Oh yes, delayed feelings, that time lag between whatever happens and the recognition of how I feel about it. That still trips me up. It was Father’s Day on Sunday and I woke up this morning, two days later, and realised I am not yet ready to talk about the grief and anger I still feel towards my father, who died last year. I am not ready to feel some of those feelings.
I’m slow about grieving, cushioned in numbness and closed to tears. But I’m getting better at realising I feel angry or resentful about conflict or injustice, and that is progress.
Women and anger, the way we just pretend we’re not angry and keep smiling or acting calm and indifferent. Putting on lipstick in the mirror with expressionless dead eyes and a firm uptilted chin. The way an angry woman smiles, so nicely and no giving away how pissed-off she is. Anger like s smoky blue aura all around her taut stance and rapid walk. Another hard topic to talk about, too close to home.
In early sobriety my own anger was like a red flag somebody waves after the cattle have stampeded through the saloon and wrecked the place. I got angry in retrospect. .
By far the most uncomfortable feelings I had while travelling around and working in strange places that first year I got sober had to do with anger and my struggle to deal with it. Until I had done Step 4, I had no trustworthy skills or awareness to help me deal with feelings of resentment, irritability, annoyance, even outrage. I rarely felt angry at the time conflict happened — there was a kind of time delay and then I would wake seething with fury at 3am a week or so later. Sometimes the anger felt ‘justified’, but often it was compounded by older memories of injustice or betrayal. And the more I rehearsed my grievances in my head, the fiercer they became. Confrontation would have been much better, but I avoided confrontation back then, just swallowed my anger and hoped the intensity of it would ebb away in time.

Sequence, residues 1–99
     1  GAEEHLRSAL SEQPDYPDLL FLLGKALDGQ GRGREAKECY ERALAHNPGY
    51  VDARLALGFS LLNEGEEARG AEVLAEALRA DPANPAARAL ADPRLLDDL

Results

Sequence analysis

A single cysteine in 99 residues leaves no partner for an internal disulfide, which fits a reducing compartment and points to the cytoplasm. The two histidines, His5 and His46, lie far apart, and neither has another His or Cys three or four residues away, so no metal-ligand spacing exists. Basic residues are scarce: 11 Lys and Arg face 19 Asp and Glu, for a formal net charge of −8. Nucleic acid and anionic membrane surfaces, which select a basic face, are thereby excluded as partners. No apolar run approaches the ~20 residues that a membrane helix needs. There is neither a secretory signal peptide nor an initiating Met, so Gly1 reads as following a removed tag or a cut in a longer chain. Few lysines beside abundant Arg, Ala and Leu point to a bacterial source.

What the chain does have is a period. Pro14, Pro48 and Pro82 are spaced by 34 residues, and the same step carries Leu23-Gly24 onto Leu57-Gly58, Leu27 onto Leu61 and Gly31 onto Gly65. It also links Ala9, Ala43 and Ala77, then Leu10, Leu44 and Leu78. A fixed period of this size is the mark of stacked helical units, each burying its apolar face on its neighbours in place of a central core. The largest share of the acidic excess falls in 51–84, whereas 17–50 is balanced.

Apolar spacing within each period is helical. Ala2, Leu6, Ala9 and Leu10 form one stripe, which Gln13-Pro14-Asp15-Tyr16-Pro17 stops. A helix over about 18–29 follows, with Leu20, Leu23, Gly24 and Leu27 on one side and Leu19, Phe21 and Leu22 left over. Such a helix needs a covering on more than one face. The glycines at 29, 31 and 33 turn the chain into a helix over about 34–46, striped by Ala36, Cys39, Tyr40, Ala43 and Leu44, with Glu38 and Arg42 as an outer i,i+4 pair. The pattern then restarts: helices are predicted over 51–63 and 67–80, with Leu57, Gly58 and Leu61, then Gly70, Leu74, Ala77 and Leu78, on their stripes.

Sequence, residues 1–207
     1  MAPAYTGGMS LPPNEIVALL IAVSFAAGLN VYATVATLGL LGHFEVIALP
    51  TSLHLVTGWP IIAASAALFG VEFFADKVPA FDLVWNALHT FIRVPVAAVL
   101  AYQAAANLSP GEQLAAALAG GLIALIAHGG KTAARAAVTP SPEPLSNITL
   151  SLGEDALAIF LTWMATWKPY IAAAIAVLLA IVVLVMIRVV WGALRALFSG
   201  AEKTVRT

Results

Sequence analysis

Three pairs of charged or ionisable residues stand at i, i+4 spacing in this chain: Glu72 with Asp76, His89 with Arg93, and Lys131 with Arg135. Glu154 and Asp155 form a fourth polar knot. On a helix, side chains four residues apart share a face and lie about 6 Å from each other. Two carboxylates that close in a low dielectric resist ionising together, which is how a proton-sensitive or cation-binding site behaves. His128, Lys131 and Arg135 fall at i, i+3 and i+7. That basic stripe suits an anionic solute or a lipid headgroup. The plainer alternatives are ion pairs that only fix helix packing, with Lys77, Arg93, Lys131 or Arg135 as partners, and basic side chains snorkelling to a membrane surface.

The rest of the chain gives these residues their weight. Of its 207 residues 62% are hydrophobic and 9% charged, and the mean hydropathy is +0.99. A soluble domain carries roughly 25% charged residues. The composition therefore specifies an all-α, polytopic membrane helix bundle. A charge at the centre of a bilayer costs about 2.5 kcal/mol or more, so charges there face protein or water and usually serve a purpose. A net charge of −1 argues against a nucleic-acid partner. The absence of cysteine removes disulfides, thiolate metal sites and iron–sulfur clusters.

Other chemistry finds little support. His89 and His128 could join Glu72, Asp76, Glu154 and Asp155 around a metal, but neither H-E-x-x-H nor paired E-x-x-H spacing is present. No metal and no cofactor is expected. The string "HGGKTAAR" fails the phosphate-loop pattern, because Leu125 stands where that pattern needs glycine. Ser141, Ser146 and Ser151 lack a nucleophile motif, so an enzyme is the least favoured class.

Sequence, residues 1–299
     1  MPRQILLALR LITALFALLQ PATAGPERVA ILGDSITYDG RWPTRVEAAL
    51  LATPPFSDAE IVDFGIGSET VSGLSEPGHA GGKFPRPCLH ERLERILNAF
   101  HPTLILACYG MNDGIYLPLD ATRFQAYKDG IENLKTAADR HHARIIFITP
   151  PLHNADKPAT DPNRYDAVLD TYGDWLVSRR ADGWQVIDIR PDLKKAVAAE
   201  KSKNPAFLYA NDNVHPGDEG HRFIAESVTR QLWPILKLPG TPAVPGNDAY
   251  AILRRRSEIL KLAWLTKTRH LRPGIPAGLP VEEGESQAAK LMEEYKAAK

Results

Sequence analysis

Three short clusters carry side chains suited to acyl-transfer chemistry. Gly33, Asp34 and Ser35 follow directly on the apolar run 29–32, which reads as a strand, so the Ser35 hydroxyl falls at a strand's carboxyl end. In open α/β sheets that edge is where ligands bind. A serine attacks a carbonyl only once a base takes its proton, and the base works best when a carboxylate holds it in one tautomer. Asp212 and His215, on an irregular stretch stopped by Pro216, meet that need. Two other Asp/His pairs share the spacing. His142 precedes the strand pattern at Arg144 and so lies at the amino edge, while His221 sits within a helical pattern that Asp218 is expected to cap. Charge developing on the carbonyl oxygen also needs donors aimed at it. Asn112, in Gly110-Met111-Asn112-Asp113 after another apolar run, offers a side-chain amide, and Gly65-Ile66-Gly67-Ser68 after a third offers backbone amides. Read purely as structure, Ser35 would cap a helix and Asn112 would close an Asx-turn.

And I was oblivious to many of my own deeper feelings. Often I did not even know I was angry until I found myself lashing out or slamming doors, or wishing I could drink. Many clients were impatient or irascible and their anger sparked my own. Unrecognised volatile anger or resentment was the biggest risk to my sobriety while travelling in cities or on flights where nobody knew me and I could pick up a drink on impulse. Taking the ‘edge off’ bad moods with a drink, buffering myself against painful feelings with drink as an anaesthetic was what I had done for years. The anger was not superficial, it sometimes felt like a volcano boiling up from deep within. Alcohol was the only one-size-fits-all solution I had when things went wrong.
This for me is why Step 4 is so crucial to self-awareness and making peace with our inner demons or unresolved hurts and disappointments. Beneath the simmering rage or hot sharp flare of anger there lies buried grief and anguish and heartache. The anger is so often a smokescreen. But the anger is all bound up with misplaced expectations and passive-aggressive habits and not-knowing-how-we-really-feel. Resentment is a timebomb in early sobriety. The Big Book of Alcoholics Anonymous is very precise and accurate here and this paragraph makes a great deal of sense to me:
“It is plain that a life which includes deep resentment leads only to futility and unhappiness. To the precise extent that we permit these, do we squander the hours that might have been worth while. But with the alcoholic, whose hope is the maintenance and growth of a spiritual experience, this business of resentment is infinitely grave. We found that it is fatal. For when harboring such feeling we shut ourselves off from the sunlight of the Spirit. The insanity of alcohol returns and we drink again.”